Ann Thorac Surg 2002;73:343-344
© 2002 The Society of Thoracic Surgeons
a Department of Cardiovascular Diseases, King Faisal Specialist Hospital and Research Centre, MBC 16, P.O. Box 3354, Riyadh 11211, Saudi Arabia
To the Editor
With great interest, I read the article by Ehud Raanani and associates . In this article, the authors touch on two major issues. The first is the specific issue of the fate of the pulmonary homograft in the pulmonary position after the Ross procedure. The second is trying to identify predictors of late pulmonary homograft stenosis, which is a more general issue.
I agree with the authors that pulmonary homograft stenosis does exist following the Ross procedure. However, I do not feel that it represents a significant clinical problem. In our own experience of 292 Ross procedures, only 6 patients required surgical intervention for pulmonary stenosis (2%). This goes along with the authors own experience of 1 patient requiring change of the homograft twice; 6 other patients were balloon dilated, with 5 "moderate" reductions in gradient and 1 failure that subsequently required surgery.
Looking at this problem, I and my colleagues specifically studied 233 patients with detailed echocardiography. We found 28 patients (12%) with gradients greater than 40 mm Hg; those who required reoperation or balloon intervention were from this group, except for 1 patient who needed a tricuspid valve repair and, at surgery, was determined to have significant pulmonary stenosis. Very few patients developed electrocardiographic signs of right ventricular hypertrophy, dilation, or systolic dysfunction. What the authors reported about the stenosis being diffuse, rather than discrete, in the whole length of the homograft with calcification, is consistent with our findings. However, we have few patients with additional PR.
Our surgical approach has been to augment the area of pulmonary stenosis with a transannular bovine pericardial patch, which has been very successful thus far. We believe the PR will be well tolerated. The reason for this is our belief that these patients are already at a disadvantage, the most likely reason for development of the stenosis is immunologic, and that a second homograft will probably have the same fate.
As regards the second issue of risk factors for developing pulmonary stenosis, we believe that this is a complex issue since there are many variables that can enter the equation. The authors attempt to identify predictors is commendable, but I doubt that the findings will be of any clinical significance. For example, we use some fresh antibiotic preserved homografts and, to us, it seemed that this can be a risk factor for pulmonary stenosis. However, we did not see this when we looked at these same homografts being used in right-sided reconstruction in congenital heart disease. Our own bias is towards immunologic process and, as was eluded to, there is emerging evidence in the literature now supporting that concept to a certain extent. Anecdotally, we give our pediatric patients a small dose of 1 mg/kg body weight of cyclosporin hoping to halt this process. Our impression, and it is only an impression, is that it might be making a difference.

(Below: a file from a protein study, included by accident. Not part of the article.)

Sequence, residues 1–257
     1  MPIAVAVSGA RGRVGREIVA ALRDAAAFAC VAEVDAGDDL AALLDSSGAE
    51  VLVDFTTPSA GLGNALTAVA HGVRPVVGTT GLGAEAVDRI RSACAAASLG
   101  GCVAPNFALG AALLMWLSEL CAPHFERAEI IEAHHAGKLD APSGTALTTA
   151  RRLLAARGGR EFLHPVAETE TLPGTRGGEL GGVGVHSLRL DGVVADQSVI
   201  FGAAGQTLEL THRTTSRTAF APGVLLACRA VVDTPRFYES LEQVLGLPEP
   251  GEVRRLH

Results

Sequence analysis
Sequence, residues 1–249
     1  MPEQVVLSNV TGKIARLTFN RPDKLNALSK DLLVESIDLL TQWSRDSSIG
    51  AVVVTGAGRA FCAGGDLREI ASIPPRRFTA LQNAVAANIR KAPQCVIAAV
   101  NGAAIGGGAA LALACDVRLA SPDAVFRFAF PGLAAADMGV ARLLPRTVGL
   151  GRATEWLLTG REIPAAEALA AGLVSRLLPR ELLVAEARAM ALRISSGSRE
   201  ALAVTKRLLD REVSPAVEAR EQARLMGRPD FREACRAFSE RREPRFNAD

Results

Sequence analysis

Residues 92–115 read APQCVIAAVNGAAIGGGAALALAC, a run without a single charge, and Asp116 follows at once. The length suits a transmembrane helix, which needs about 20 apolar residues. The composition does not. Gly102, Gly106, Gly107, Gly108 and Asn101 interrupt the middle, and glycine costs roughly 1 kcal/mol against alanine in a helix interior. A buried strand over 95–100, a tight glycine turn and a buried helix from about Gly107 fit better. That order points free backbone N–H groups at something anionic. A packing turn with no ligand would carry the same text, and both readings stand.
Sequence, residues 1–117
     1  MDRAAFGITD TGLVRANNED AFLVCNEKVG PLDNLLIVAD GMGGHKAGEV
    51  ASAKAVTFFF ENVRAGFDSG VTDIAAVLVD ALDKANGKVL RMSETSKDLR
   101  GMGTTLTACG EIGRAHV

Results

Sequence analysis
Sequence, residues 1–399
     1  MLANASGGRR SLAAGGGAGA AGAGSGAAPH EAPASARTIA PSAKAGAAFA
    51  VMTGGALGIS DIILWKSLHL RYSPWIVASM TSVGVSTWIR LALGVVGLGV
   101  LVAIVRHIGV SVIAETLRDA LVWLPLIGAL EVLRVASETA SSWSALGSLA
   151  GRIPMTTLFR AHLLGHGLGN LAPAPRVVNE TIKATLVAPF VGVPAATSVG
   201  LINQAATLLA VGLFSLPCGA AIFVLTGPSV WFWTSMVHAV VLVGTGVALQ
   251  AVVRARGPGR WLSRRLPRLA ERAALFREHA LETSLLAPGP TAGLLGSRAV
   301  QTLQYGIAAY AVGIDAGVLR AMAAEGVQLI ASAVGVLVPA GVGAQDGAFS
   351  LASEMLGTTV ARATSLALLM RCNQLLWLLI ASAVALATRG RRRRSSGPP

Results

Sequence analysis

In conclusion, pulmonary stenosis after the Ross procedure is a frequent echocardiographic finding but of little clinical significance. One should not rush and intervene in those patients since this lesion can be tolerated for a long time and, actually, in many patients, is not progressive. Looking at right ventricular hypertrophy, ventricular dilatation and function is important in the decision for intervention. Exercise testing can help make that decision in borderline cases.
This article has been cited by other articles:
F. X. Schmid, A. Keyser, C. Wiesenack, S. Holmer, and D. E. Birnbaum
Stentless xenografts and homografts for right ventricular outflow tract reconstruction during the ross operation
Ann. Thorac. Surg., September 1, 2002; 74(3): 684 - 688.
[Abstract] [Full Text] [PDF]
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